Waratah - early days and in light condition - optimistically with awning deployed.

Tuesday, 10 January 2017


Mr. Hoehling refers to no less than 5 hoax bottle messages having been picked up on the coast of Australia alone, purporting to have been last words from the doomed Waratah. Examples of such:

The Advertiser (Adelaide) Saturday 5 February, 1910.

Melbourne, February 4.
While walking along the beach two miles
from Prospect Reserve, Sale, this after-
noon Mr. J. W. MacLachlan. M.L.A.,
picked up a bottle containing the following 
message, which is undated:-

''Thrown overboard while the steamer Waratah is
sinking fast. Latitude 48 east (the "eight" is not very clear), 
longitude L 30 south.- J. Milburn."
The bottle was a large-sized beer bottle,
and the message is written on thin white
writing paper. It was folded once, and
the edges were torn and discolored. The
message was written in lead pencil, and the
writing is fine and clear. The locality indicated 
by this message would place the missing ship 
about 600 miles south-west of Victoria. The 
lists of those on board which have been 
published from time to time do not disclose 
the name J. Milburn. There was a W. Milburn 
on board, but he landed at Durban.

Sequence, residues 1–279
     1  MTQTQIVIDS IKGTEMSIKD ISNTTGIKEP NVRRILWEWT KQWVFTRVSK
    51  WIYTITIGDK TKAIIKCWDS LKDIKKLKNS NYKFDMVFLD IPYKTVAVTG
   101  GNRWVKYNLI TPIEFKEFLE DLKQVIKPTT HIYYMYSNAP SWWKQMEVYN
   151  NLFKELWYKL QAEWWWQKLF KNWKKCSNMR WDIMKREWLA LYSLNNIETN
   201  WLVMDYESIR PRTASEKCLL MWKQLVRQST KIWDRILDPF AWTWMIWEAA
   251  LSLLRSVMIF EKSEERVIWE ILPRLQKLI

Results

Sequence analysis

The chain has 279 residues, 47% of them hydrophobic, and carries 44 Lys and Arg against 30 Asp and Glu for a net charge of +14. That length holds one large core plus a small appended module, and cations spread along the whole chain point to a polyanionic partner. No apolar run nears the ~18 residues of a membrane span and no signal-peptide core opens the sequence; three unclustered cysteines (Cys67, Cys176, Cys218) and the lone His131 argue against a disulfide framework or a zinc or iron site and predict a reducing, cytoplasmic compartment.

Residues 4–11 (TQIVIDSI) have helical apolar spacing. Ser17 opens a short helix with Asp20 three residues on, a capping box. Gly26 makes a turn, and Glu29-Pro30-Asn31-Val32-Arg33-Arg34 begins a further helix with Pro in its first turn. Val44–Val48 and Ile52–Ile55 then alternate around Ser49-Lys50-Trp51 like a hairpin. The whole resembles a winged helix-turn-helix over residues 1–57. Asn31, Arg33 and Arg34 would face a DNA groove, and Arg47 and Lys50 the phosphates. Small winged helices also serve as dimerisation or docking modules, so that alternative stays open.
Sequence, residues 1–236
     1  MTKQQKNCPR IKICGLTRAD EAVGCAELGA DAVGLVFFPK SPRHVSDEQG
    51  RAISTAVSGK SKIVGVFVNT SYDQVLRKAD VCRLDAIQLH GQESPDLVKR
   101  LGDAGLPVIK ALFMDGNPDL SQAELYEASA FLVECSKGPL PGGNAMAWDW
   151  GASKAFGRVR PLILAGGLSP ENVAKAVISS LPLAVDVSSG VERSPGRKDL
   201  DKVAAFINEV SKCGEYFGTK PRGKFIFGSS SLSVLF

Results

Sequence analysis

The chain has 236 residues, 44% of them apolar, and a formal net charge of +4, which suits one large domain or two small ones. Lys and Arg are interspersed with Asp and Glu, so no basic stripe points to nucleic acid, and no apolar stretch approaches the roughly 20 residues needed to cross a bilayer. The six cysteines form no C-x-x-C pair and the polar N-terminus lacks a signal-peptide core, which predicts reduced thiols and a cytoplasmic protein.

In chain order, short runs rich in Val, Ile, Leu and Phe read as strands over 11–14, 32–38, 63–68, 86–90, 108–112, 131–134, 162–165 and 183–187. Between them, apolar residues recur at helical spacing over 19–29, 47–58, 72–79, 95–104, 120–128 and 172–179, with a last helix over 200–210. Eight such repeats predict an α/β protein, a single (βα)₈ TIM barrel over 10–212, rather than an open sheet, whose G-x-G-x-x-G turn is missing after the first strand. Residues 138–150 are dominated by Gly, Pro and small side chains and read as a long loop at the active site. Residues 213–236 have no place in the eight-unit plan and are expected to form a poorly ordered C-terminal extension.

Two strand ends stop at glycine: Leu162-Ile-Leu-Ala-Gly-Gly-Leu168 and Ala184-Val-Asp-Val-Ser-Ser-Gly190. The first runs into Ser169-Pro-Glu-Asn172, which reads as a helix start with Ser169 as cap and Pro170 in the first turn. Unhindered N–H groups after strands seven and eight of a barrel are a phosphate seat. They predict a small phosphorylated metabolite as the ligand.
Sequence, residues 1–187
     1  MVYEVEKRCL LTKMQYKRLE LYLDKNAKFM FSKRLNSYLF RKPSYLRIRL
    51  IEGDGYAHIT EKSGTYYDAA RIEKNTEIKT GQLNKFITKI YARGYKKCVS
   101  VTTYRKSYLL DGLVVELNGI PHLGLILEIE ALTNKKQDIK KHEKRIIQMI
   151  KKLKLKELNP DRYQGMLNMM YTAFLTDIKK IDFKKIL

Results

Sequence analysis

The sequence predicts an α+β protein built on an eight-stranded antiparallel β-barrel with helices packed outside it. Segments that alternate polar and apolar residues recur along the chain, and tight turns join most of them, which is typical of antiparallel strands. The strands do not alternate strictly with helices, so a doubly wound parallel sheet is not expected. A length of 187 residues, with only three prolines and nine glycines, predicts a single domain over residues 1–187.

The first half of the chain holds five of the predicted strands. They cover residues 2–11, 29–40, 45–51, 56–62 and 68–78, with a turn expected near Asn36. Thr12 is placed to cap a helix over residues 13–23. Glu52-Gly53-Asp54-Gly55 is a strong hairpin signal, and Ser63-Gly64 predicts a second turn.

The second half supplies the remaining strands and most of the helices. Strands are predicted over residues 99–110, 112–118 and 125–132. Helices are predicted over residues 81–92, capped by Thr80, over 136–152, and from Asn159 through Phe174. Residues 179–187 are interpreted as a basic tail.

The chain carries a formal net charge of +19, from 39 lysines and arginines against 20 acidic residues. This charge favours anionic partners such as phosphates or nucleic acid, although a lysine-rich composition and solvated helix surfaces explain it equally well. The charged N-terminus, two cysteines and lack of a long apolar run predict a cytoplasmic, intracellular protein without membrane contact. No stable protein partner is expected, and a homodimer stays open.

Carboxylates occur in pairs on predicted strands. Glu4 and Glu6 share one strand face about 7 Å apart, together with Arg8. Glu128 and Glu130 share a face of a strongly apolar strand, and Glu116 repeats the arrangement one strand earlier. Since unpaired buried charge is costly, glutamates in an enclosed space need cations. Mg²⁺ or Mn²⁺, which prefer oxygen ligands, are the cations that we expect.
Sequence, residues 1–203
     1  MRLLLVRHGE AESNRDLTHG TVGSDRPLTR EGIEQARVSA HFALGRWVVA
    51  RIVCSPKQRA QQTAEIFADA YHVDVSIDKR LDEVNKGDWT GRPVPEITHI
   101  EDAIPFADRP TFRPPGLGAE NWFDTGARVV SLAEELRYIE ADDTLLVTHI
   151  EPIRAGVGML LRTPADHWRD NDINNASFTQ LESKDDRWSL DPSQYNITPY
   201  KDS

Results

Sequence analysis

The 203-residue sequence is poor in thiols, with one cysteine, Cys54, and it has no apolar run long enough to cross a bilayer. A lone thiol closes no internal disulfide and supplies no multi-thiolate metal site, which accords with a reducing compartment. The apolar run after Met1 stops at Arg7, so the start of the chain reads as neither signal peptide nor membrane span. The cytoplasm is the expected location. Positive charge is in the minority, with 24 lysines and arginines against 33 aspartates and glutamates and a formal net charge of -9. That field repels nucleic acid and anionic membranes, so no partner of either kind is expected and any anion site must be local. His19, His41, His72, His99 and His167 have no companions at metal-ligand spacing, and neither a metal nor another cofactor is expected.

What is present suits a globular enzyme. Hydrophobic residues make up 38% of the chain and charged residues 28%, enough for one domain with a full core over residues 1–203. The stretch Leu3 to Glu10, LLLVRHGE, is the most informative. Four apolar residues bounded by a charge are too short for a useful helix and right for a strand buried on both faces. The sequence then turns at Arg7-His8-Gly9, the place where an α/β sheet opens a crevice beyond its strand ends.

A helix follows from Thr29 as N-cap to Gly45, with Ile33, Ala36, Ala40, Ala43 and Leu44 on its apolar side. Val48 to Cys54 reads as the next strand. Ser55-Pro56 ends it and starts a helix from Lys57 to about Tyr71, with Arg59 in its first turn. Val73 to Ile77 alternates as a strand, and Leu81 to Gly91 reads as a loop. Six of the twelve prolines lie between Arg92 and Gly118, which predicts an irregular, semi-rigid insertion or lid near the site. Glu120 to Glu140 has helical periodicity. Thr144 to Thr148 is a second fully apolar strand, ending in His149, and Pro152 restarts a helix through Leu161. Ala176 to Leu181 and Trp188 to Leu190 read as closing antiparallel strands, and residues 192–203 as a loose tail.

A Capetown message says that thenotorious disappearance of thesteamer  Waratah and herpassengers; and crew some years ago off the South African coast;has been recalled by the picking up ofa bottle in Table Bay. The bottle hadapparently been a long time in thewater and was stopped up  by a pieceof lead beaten into the mouth. Inside was a piece of paper on whichwas written in pencil:
"Send help, starving, Waratah, Island in Antarctic." 
It is generally believed to be a hoax.

Captain E. Hillman, master of theisland mail steamer Malaita, hasbrought to Sydney a bottle and a pencil note marked "We are lost; there is no hope. G. W. E., S.S. Waratah."
The bottle (says the "Evening News'") was picked up by some natives on the south-east end of the Island of Tanna, in the New Hebrides, and Captain Hillman, after making various inquiries, is inclined to the belief that the bottle message is not a hoax. It is now close on four years since the Waratah disappeared with all hands between Durban and Capetown.